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Ayurveda is one of the oldest holistic healing systems in the world. It is based on the belief that health and well-being depend on a delicate balance between mind, body and spirit.  

The basic idea of Ayurveda is that every human being consists of the five basic elements of the universe: space, air, fire, water and earth. These combine in the human body to form three life forces or energies, the so-called doshas. They control how the body and mind function.

They are Vata dosha (space and air), Pitta dosha (fire and water) and Kapha dosha (water and earth). Everyone has a unique blend of the three doshas. But one is usually stronger than the others. Each of them controls a different bodily function. It is believed that the likelihood of getting sick - and the health problems that develop - is related to the imbalance of these doshas.


herbal medicine

Plants have always been used for therapy in Ayurveda. Valuable knowledge about the uncovering of the healing powers of plants has been preserved over the millennia. This not only applies to the selection and composition of the plants, but also the right time to harvest them, their cleaning, the synergistic combination with minerals and the complex processing methods that can sometimes even take years.

An art that requires a lot of experience.

In addition to specific formulations, e.g. B. act on certain organ functions, doshas or dhatus, Ayurvedic herbal medicine knows recipes to which Ayurveda ascribes a general health-promoting, strengthening or rejuvenating effect. They also include the Rasayanas made according to traditional recipes, which according to Ayurvedic teachings are intended to preserve the original order of the organism and make it more resistant to harmful influences and are sometimes offered as nutritional supplements today.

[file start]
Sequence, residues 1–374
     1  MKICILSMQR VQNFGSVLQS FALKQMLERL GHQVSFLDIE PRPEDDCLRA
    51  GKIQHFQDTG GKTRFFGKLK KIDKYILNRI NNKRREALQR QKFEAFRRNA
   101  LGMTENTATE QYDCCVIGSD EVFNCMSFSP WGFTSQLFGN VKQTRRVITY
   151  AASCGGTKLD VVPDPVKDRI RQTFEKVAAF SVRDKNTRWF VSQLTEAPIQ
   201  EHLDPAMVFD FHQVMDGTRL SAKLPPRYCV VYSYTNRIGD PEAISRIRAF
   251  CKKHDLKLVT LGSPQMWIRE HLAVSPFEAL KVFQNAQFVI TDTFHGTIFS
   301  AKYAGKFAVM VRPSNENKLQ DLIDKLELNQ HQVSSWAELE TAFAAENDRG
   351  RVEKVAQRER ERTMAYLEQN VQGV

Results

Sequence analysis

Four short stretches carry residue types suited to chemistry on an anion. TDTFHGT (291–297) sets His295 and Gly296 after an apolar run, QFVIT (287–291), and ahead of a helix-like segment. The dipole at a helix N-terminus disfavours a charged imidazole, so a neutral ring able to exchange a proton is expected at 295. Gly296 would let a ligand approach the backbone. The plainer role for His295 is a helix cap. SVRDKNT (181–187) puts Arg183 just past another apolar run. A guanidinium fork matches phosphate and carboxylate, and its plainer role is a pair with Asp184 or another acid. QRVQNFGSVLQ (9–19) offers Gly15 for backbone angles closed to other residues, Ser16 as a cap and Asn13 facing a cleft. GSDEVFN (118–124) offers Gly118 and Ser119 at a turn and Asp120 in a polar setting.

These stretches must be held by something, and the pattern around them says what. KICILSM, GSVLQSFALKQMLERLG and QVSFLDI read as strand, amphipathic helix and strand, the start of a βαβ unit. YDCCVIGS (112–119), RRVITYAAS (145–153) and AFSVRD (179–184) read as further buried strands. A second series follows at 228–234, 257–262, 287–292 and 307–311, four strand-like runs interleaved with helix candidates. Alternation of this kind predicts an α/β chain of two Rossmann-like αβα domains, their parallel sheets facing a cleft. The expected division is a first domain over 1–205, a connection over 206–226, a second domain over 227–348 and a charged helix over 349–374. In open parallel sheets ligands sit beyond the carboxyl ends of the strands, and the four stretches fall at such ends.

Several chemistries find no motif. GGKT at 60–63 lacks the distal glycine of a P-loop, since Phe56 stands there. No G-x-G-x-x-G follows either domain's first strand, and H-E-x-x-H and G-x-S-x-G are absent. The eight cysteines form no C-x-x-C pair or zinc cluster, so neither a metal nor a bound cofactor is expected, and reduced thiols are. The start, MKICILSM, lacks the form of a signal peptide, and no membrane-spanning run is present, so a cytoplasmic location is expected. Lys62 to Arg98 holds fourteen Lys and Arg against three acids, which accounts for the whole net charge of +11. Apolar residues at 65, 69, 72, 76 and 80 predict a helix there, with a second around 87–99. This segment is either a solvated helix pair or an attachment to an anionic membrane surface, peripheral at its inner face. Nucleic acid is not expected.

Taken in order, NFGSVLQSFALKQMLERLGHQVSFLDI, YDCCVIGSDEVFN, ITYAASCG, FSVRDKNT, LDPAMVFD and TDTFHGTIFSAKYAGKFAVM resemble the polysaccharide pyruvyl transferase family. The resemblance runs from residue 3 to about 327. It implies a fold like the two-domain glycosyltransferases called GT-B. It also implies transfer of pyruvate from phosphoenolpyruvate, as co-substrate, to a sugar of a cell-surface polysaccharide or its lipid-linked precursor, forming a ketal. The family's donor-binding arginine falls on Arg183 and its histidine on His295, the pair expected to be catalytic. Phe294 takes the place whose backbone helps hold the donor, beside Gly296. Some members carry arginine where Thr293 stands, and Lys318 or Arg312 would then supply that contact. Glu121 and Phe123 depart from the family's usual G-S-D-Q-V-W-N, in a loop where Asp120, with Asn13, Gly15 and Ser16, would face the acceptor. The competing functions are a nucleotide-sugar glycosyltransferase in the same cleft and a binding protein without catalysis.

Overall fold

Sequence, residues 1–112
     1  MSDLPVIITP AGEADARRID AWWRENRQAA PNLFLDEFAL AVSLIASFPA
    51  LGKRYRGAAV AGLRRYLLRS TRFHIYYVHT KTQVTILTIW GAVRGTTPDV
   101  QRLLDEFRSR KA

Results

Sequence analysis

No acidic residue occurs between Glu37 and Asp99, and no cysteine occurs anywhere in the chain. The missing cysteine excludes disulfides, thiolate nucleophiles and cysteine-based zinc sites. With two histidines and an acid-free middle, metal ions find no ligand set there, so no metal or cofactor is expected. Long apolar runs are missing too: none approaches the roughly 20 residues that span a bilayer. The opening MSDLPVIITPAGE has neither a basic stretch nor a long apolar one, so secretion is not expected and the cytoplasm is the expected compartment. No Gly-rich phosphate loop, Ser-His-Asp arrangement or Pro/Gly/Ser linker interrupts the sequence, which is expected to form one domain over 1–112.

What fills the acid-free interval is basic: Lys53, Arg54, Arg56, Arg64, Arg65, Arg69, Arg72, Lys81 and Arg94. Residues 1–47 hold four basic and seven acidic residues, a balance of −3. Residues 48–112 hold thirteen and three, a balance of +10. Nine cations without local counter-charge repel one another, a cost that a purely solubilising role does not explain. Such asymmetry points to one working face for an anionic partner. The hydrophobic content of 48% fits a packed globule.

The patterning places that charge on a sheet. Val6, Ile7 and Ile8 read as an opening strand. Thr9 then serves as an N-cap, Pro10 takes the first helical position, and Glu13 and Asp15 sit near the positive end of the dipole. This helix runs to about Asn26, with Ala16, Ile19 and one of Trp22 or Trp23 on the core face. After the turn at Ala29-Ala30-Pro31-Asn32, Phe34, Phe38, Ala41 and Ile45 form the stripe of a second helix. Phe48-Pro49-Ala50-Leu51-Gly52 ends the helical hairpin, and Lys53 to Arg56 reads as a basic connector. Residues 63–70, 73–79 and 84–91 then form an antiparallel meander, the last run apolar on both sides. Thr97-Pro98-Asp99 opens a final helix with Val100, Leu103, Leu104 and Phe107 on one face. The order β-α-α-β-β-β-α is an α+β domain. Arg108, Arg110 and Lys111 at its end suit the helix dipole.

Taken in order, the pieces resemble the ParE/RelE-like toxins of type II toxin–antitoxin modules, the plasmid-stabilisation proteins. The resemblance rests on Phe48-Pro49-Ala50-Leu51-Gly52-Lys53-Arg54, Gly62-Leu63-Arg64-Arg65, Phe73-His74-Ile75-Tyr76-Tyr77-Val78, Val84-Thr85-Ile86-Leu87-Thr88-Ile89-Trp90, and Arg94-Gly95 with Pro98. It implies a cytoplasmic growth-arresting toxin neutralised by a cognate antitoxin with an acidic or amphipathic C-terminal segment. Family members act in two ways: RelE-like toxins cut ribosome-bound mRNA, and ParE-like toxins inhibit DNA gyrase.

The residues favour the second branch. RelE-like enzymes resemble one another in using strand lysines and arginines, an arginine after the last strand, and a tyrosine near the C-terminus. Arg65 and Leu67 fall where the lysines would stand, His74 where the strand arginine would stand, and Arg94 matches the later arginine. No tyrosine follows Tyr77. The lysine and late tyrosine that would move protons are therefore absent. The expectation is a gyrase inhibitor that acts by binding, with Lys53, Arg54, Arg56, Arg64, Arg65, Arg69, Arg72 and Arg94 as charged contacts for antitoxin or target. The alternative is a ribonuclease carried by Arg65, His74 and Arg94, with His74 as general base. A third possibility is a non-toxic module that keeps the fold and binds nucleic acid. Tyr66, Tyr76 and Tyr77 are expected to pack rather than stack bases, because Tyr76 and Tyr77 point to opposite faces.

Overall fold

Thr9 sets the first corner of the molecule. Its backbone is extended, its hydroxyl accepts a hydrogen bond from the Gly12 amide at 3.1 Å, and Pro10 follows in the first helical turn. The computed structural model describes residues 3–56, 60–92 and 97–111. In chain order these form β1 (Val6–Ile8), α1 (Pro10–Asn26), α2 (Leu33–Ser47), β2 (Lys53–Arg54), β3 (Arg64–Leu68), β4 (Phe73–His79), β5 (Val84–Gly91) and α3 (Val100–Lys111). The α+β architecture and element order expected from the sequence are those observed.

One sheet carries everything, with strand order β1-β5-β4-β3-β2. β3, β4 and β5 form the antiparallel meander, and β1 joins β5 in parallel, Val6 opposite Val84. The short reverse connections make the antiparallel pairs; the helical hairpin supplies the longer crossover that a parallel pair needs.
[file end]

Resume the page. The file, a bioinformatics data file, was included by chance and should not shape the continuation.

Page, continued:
Massage is arguably the oldest and simplest medical treatment found in all cultures. In India it is said that massage is as important for the human organism as food. The body's own energies come back into their natural flow, the tissue and the muscles become elastic and loosened, the spine is straightened and the mind comes to rest.

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Ayurveda, yoga and meditation are closely linked and have their common roots in ancient Indian Vedic philosophy.


According to Ayurvedic teaching, Agni actually means the god of fire. Applied to humans, Agni means the digestive fire and thus the power that has a decisive effect on our life energy, the prana.


The practice of cleansing is considered a vital part of an Ayurvedic lifestyle, with great potential for improved energy, strength, and immunity, as well as a renewed love of life.

Ultimately, an Ayurvedic cleanse is focused on drawing toxins and excess vata, pitta, and kapha out of the tissues and into the digestive tract so that they can be eliminated.


food as medicine

he aim of type-appropriate nutrition is to gain new life energy with every meal and to enjoy the food with all senses in the process.

Ayurvedic nutrition can be used both to maintain health and for healing purposes. In addition to general dietary rules, the main focus is on optimally adapting the diet to the individual needs of a person. In addition to the respective Ayurvedic constitution ( Dosha ), age, digestive power, the current time of day and season as well as the state of health are also included in the dietary recommendations.

In addition to digestive strength, dosha balance also plays an important role in Ayurvedic nutrition.
In Ayurveda, certain properties are attributed to each food, drink, herb, etc. Depending on the foods, spices, preparations and flavours contained, our meals have a different effect on the three doshas and can thus be used specifically to improve the dosha balance. In this way, our diet can make a noticeable contribution to preventing diseases and delaying the ageing process.

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